Duffus Castle, near Elgin, Moray, Scotland, was a motte-and-bailey castle and was in use from c.1140 to 1705. During its occupation it underwent many alterations. The most fundamental was the destruction of the original wooden structure and its replacement with one of stone. At the time of its establishment, it was one of the most secure fortifications in Scotland. At the death of the 2nd Lord Duffus in 1705, the castle had become totally unsuitable as a dwelling and so was abandoned.
Moray was an important part of the Pictish confederation. At the beginning of the 12th century the province was ruled by the mormaer, Angus, grandson of Lulach Macgillecomgan, who had succeeded Macbeth as King of Scots in 1057. Ferociously autarchic and highly distrustful of the expansion of the monarchy, Angus rebelled in 1130. The revolt was resolutely quashed by King David I,who immediately began to populate the province with nobles and people of his own choosing.
One significant arrival was Freskin (also known as Freskyn) who already owned an extensive estate in Lothian (Strabrock, now Uphall). He accepted lands at Duffus from King David I of Scotland. Freskin’s background is uncertain. The historical consensus amongst historians is that he was of Flemish background, the principle argument being that “Freskin” is a Flemish name. Undoubtedly, King David, himself a Normanized magnate with extensive estates in northern England and Normandy, granted lands to many nobles from Flanders as well as Normans. The unlikely alternatives are that he may have been an Anglo-Saxon or a Scot who fought for King David and his English general Edward Siwardsson in Moray. At that time, when Flemish nobles were referred to in writs by nationality (almost never), they were styled “Flandrensis”. Freskin appears in no contemporary sources, and was never referred to by his national origin. By the 13th century his descendents were referring to themselves as ‘de Moravia’ (‘of Moray’) and had become one of the more powerful families in northern Scotland.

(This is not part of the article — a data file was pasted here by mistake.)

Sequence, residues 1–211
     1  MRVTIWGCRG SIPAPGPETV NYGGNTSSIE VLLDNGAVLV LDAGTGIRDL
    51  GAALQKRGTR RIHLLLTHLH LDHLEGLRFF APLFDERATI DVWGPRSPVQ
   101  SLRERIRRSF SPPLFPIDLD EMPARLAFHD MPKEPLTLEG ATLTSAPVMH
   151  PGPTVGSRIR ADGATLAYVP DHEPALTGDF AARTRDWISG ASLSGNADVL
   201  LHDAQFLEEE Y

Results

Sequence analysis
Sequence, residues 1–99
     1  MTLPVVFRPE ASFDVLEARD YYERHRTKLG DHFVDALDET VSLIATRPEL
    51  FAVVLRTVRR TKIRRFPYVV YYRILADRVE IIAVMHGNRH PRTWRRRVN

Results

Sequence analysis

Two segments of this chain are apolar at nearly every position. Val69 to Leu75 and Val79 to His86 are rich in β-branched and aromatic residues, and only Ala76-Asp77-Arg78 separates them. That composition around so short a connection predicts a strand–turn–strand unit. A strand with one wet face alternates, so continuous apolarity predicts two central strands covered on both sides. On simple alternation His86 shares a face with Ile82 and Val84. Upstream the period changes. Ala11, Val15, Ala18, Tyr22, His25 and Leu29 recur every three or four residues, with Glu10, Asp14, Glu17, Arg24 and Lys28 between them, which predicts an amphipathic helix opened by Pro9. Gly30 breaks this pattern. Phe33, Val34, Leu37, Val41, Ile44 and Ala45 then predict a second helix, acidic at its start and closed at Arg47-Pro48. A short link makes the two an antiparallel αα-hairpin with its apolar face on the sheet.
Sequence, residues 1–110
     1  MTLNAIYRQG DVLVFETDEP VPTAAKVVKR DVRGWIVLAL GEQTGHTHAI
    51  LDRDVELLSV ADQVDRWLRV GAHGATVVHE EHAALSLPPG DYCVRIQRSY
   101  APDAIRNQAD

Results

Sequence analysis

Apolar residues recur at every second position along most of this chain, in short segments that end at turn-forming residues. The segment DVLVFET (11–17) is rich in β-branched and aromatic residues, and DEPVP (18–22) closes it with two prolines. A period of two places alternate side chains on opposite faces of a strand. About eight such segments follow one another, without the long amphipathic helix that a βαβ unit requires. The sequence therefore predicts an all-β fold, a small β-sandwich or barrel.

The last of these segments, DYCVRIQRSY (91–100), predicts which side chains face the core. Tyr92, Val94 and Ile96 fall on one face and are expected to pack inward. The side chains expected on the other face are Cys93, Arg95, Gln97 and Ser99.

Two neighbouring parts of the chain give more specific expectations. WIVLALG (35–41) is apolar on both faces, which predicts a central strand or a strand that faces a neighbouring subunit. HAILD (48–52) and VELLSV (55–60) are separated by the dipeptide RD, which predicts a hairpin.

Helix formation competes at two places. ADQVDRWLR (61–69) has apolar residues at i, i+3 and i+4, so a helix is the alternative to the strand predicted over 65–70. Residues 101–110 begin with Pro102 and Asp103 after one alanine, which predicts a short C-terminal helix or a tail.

It was Freskin who built the great earthwork and timber motte-and-bailey castle in c.1140. The motte was an immense man-made mound with steeply sloping sides and a wide and deep ditch that surrounded the base. Timber buildings would have stood on its flat top and would have been further protected by a wooden palisade placed around the edge of the summit. The motte was accessed from the bailey. This is a wide stretch of earth elevated above the surrounding area but not as high as the motte. At Duffus, the motte would have been reached by steps set into the mound. The motte contained the buildings necessary to sustain its inhabitants – brew and bake houses, workshops and stables – as well as the living accommodation.
Freskin’s direct line ended in 1270 and the castle passed into the ownership of Sir Reginald Cheyne, the younger. In around 1350 the last Cheyne died leaving his estate to his daughter who was married to Nicholas,the second son of the 4th Earl of Sutherland. The Sutherlands, themselves were descended from Freskyn and remained in their possession until 1705 when the castle was abandoned.
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